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free & fun

Framing Quilt-Art Postcards


An art postcard I made, you can find out how on my quilting blog--click here.

Here's the same piece, glorified in a shadowbox frame. Kicks it up a few notches, making it seem more like art, less like a postcard, don't you think?

Gotta give a shout-out to SAQA and Cindy Friedman for sharing this framing method, and to Meredith E. Armstrong for improving on it. Which I hope I've interpreted correctly! You'll need a Dakota Shadow Box Frame, 8"x 10"which I ordered at www.pfile.com, but is available elsewhere, too. I ordered black; you can also get it in a warm, deep, walnut. You'll also need a sheet of watercolor paper---heavyweight (115 lb. or more), cold-pressed. Use your rotary cutting supplies to cut a 8" x 10" to fit this frame.

1. Cut foamcore board 1/2" smaller all around. Squirt glue onto one side, and use an old credit card to squeegee it across the surface. Center on the back of the postcard, with a 1/2" margin all around. Press to adhere, and let dry.


2. I applied and then squeegeed glue to the other side of the foamcore board.

But--STOP THE PRESSES! The moisture resulted in some buckling of the watercolor paper. Notice the slight ripple along the paper's top edge in the second photo from the top, and the photo at right. I camouflaged that problem by trimming the picture mat that came with the frame to accommodate my off-center positioning, and laying it over the postcard and watercolor paper--see the final photo. I've since learned to avoid using wet glue on the watercolor paper, substituting the use of a dry adhesive. The framing industry method is to apply acid-free double-sided tape to the other side of the foamcore board rectangle. Rubber cement, glue dots or glue lines (from the craft stores) should also work well.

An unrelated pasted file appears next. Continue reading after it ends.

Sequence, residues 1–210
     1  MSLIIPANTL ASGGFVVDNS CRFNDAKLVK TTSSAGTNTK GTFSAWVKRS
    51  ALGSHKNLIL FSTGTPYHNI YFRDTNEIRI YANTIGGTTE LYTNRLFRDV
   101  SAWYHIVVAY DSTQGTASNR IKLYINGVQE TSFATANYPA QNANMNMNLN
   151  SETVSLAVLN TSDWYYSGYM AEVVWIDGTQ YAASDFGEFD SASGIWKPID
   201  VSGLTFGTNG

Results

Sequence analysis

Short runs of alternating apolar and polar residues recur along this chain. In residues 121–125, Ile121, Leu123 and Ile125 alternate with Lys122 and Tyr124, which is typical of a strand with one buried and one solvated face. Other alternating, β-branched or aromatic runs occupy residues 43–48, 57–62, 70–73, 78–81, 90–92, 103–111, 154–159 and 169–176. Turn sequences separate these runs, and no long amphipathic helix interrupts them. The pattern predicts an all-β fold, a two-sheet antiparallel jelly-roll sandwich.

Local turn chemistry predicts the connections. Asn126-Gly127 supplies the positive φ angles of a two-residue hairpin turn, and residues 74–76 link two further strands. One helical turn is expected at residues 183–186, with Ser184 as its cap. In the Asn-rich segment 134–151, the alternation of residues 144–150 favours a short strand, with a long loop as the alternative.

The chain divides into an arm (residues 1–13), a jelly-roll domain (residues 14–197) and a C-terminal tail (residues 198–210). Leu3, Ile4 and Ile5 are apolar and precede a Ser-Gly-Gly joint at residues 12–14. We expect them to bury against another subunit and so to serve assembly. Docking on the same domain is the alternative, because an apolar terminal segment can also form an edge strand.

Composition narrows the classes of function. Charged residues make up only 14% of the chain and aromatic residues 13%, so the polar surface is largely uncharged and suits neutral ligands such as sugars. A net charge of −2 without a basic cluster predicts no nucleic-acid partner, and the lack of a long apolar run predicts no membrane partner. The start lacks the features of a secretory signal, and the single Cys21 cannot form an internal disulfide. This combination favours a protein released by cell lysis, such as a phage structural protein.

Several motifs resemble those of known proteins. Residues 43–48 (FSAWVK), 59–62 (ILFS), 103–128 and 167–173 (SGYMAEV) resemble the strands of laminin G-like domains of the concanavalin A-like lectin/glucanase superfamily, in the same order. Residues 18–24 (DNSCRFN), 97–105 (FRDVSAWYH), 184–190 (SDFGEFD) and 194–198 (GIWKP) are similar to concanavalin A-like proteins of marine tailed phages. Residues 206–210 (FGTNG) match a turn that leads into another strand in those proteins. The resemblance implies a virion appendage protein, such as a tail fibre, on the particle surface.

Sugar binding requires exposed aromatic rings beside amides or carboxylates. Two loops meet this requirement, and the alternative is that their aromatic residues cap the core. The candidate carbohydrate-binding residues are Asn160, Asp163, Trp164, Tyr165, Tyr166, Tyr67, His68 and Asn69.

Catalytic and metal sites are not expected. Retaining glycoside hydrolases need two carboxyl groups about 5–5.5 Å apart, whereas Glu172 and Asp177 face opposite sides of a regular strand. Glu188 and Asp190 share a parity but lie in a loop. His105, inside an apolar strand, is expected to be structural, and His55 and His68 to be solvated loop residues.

Use clear acrylic rulers to help you accurately position the postcard on the paper, centered between the side edges, and closer to the top edge than the bottom edge. Lay masking or painter's tape along the bottom edge, aligning with the ruler, to help you title, sign, and date your piece in a straight line. 


3. Disassemble the shadow box frame. Clean the glass. Insert the glass, then the spacer--a rectangular frame that gives the piece depth, and also provides air around your art, preventing mildew. Add the matt if appropriate. Then, place the watercolor paper, with the postcard oriented to corresepond with the triangular hanging ring and easel stand. Although, if you plan to hang your framed piece, consider removing the easel stand altogether, so your frame hangs evenly against the wall. Attach the pressboard back, bending down the tabs to secure the layers.